2. steve jones says:

    One of the problems with the war as fought in the American theatre is that it tends to concentrate exclusively on sexual and reproductive ethics but carefully avoids economics issues. The American Catholic Church has found itself co-opted into all sorts of neo-liberal economic projects of questionable morality scarcely raising its voice as politicans and bankers between them determined who was “too big to fail” and started wars willy nilly.

    It’s not clear that F1’s new approach will work but we needed a change of emphasis. The alliance with ‘conservative’ elements in America is not working and Obama to his credit has at least not launched a war against Iran which is surely to the common good.

  3. vetusta ecclesia says:

    Note the innuendo and guilt by association in the bit about careerism.

  4. jpii_rox says:

    “Can we expect an exorcism at the cathedral in Madison sometime soon? [I sure hope so!]”

    Right, but it would be nice for them to have a physical Cathedral first…

  5. ClavesCoelorum says:

    Happy New Year everyone! :)

    May I note an observation: I have noticed an interesting choice of liturgical vestments among Bishops of different areas, compared to our German Bishops here. The above images are perfect examples. Of course, it’s not a representative study, but here goes: See Bishops Scicluna and Morlino above. I see ornate Roman and Gothic chasubles, mitres and lace.

    Compare that to our German Bishops, of whom I present here a few images: https://upload.wikimedia.org/wikipedia/commons/c/c5/Karl_kardinal_lehmann-2.jpg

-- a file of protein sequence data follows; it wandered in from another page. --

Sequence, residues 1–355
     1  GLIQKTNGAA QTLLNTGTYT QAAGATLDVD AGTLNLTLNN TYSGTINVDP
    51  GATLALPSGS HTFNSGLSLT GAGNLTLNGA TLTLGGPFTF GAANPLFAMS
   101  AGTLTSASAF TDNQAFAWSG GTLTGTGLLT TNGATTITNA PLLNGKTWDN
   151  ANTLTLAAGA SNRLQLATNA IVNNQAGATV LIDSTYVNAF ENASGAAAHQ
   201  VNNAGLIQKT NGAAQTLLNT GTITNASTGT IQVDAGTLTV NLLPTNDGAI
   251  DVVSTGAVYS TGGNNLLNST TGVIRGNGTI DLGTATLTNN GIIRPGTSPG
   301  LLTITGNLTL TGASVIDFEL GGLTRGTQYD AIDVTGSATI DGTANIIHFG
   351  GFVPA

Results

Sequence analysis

Again, it’s not representative, and there are exemptions such as Joachim Cardinal Meisner (since the Archdiocese of Cologne… well, it’s Cologne) and Reinhard Cardinal Marx, but those are about the only ones I can think of. When I think of our Episcopacy here, I see modern stoles. ;)

    Has anyone ever thought the same? Am I wrong when I imagine American Bishops in “proper” (sorry for the bias) vestments as the norm, like Cardinal Burke or Bishop Morlino? Might there be reasons?

  6. Legisperitus says:

    We should recall a bit of Catholic “just war” doctrine for a moment and apply it to “culture wars.” One of the criteria for a just war is that it be fought for defense, not in aggression.

    These Bishops are defending their culture against unjust aggressors. They are not the aggressors themselves, as is subtly implied by the media figures who label them “culture warriors” as if they were leading some demented, quixotic crusade against a tranquil and settled social order.

  7. robtbrown says:


    It seems that not a few of their undercover agents are members of our army.

  8. Suzanne Carl says:

    You are definitely correct that the vestments are part of the message. I’ve been helping my nephew who will be ordained in June to choose vestments, mostly so that he is not forced into some of the more depressing options available in liberal parishes. He will wear semi-gothic chasubles with a St. Andew’s cross for the ophrey, and will receive in the mix a black chasuble for funerals. (When his siter commented that she would prefer white for her funeral he said, “So I’ll say something during the homily like, “She was the holiest member of the family, but given our family that’s not saying much!”)

    When you see a bishop or a priest wearing traditional vestments, be sure to thank them. If you want to see what the real horrors created in vestments, go to http://badvestments.blogspot.com/

    May our Blessed Mother guide and protect all culture warriors, especially our priests and bishops. Happy New Year.

  9. Kerry says:

    If asked, what would MSW say is the goal of “the task of ecclesial leadership”? Was “Get behind me Satan!” an example of ecclesial leadership?